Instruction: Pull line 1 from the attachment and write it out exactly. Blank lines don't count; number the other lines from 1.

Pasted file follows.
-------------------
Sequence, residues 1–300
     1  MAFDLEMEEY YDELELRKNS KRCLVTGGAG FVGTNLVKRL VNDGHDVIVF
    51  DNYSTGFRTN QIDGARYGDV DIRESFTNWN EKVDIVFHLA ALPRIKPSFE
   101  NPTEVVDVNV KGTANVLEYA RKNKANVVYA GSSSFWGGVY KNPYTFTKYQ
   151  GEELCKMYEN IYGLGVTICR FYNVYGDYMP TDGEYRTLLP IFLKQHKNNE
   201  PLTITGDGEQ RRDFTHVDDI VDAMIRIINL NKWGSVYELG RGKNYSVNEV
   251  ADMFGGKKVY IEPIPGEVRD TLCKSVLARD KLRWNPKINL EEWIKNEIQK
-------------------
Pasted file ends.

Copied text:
Sequence, residues 1–300